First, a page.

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FIFPro, the World Footballers' Association, will make an important announcement, this Wednesday (April 2), uncovering the extent of 'Mental Illness in Professional Football'. It follows an international study conducted by FIFPro's Chief Medical Officer, Dr. Vincent Gouttebarge, of more than 300 current and former professional footballers from the Netherlands, Ireland, Scotland, USA, Australia and New Zealand.

The findings reveal wide-spread examples of footballers who have experienced symptoms of depression and anxiety, among other mental health issues. This will provide rare insight and much-needed scientific data as the basis for an informed discussion around a highly sensitive topic, which often sees its victims living in darkness.

Dr. Gouttebarge said the study reveals “some dark sides” to being a full-time professional footballer and provides a much-needed reference point to help improve the overall health of the players, at all stages of their career, particularly when transitioning to life after football.

“The attention given to the professional footballers’ health by international governing bodies or clubs, and most researchers, is principally directed toward the occurrence of injuries, which is peculiar as health involves not only physical well-being but also mental and social well-being, both short and long term.”

“FIFPro is taking the lead on a global scale to educate and support players, while empowering them to come forward by removing the stigma associated with mental illness in football,” concluded Dr. Gouttebarge.

Objectives

Considering the lack of knowledge about mental illness, and with regard to the presence of several physical and psychological stressors during and after a career in professional football, FIFPro and six national unions – who help form a network of 55 FIFPro members worldwide - supported an international scientific study to gather data about mental illness among current and former professional footballers.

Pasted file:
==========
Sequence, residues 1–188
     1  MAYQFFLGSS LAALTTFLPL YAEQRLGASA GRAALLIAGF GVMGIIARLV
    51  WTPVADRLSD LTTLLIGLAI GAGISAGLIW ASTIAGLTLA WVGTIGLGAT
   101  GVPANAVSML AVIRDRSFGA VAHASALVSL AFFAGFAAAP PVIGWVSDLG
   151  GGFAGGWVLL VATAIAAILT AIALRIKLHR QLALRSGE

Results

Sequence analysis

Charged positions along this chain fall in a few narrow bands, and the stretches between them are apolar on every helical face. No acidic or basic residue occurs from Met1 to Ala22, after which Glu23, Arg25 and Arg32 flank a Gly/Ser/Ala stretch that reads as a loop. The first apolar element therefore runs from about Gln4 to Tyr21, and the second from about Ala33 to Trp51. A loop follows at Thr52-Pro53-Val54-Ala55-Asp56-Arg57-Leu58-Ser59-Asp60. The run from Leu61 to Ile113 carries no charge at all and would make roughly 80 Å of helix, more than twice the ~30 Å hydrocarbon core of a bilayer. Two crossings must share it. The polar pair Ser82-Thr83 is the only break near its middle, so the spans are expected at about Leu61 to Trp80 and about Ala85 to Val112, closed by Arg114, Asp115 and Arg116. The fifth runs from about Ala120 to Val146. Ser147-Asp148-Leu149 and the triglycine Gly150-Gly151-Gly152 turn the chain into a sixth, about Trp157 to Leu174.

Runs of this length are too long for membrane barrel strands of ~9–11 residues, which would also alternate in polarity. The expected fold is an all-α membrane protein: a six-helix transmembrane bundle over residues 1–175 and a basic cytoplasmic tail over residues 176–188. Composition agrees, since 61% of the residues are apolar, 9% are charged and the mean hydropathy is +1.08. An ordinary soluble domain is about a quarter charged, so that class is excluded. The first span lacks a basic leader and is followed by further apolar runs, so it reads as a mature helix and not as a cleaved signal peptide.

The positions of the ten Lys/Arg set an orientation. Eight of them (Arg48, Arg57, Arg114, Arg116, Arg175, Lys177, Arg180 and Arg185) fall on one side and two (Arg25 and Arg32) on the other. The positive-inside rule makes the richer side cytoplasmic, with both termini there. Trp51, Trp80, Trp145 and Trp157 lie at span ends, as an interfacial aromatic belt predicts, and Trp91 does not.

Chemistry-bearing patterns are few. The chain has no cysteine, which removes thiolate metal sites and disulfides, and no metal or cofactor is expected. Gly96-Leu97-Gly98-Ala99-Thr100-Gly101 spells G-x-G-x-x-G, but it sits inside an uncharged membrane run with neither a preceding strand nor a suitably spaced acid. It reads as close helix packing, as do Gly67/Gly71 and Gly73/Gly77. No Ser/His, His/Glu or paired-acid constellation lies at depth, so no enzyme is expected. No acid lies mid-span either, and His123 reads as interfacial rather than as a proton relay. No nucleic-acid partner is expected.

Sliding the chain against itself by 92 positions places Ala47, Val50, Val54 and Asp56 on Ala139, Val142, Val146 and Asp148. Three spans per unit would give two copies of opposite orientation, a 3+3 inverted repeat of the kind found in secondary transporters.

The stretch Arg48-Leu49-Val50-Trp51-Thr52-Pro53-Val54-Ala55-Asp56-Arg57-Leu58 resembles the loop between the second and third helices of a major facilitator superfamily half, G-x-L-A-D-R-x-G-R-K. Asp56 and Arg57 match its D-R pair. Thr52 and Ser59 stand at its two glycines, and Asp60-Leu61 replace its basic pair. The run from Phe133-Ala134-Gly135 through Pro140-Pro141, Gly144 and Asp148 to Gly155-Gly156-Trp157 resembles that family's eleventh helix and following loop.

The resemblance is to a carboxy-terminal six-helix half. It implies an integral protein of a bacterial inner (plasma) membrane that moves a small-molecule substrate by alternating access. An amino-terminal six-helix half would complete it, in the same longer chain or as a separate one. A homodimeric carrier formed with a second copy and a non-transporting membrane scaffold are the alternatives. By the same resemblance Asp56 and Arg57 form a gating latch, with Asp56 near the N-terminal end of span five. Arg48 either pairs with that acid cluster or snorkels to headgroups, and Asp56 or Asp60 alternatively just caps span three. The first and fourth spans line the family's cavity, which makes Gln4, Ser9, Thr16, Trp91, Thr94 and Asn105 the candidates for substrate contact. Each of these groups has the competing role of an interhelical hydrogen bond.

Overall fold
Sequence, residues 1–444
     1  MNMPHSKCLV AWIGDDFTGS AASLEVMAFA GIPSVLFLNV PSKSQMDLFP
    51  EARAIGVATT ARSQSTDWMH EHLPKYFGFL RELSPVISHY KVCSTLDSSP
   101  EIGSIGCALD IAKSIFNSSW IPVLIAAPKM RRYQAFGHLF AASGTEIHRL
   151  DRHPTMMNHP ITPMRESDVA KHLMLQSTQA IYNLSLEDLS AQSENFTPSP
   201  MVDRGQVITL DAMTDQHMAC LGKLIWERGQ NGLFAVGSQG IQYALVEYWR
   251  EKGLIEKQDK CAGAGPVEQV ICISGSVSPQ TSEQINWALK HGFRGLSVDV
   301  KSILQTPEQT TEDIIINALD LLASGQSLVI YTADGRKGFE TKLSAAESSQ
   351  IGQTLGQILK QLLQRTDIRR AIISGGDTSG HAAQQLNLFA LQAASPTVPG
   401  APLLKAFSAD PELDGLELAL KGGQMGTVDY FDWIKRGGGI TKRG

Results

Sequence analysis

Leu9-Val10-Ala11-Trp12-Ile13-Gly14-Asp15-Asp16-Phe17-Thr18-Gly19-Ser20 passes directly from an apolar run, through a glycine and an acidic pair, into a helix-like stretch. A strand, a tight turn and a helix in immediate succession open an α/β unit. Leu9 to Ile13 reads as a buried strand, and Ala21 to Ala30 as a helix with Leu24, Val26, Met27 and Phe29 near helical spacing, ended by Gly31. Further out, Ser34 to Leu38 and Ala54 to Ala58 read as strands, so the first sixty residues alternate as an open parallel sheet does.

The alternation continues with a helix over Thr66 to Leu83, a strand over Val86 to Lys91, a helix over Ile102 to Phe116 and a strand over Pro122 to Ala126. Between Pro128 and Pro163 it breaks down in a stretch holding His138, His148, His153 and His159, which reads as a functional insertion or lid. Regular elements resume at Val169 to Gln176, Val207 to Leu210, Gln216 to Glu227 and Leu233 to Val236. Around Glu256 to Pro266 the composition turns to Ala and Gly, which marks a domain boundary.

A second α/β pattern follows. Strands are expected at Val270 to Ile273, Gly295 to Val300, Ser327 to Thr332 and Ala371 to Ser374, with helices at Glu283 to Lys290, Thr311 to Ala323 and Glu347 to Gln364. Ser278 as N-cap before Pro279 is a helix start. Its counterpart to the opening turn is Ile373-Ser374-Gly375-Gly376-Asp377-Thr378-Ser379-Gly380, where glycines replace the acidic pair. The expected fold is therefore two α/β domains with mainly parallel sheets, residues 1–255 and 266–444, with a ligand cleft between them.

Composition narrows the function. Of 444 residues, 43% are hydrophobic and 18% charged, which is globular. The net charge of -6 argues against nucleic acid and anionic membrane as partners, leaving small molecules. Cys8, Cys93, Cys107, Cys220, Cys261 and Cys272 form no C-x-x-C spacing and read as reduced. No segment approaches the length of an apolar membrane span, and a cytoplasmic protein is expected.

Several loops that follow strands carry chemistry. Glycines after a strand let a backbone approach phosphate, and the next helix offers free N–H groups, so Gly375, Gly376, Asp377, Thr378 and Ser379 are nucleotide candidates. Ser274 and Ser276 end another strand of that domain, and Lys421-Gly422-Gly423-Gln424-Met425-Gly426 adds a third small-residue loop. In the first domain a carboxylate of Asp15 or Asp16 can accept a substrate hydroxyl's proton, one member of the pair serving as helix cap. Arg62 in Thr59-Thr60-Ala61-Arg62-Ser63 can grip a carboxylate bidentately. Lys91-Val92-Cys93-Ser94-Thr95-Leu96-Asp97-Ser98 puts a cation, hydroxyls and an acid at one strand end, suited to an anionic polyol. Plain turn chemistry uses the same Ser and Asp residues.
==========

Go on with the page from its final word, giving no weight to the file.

Outline of the FIFPro study

The six national unions which collaborated in the study are PFA Australia, PFAI (Ireland), VVCS (The Netherlands), NZPFA (New Zealand), PFA Scotland and MLSPU (USA).

Measurement of mental health illness

In the study, the following outcome measures related to mental illness were included: distress, burnout, anxiety/depression, low self-esteem, and adverse health behaviours (alcohol, smoking, nutrition). To assess these measures, well-recognised and validated questionnaires (i.e. scales) were used.

Measurement of physical and psychological stressors

Several physical and psychological stressors were explored in the study such as severe injuries (training or competition absence for more than four weeks), surgeries, life events (death of a family member) and (social) support from trainer and team mates. All these aspects were self-reported by the players.

With the information provided by such a study, FIFPro aims to understand mental health problems that might occur during and/or after a professional football career. Subsequently, FIFPro and its member unions can help develop and implement optimal strategies in order to protect and promote the sustainable health of professional footballers.

Media Contact

For more information and media interested in contacting Dr. Vincent Gouttebarge,
please put your request to the FIFPro Communications department.
Raymond Beaard
Tel: +31 23 5546970
Mob: +31 6 23769852
r.beaard@fifpro.org



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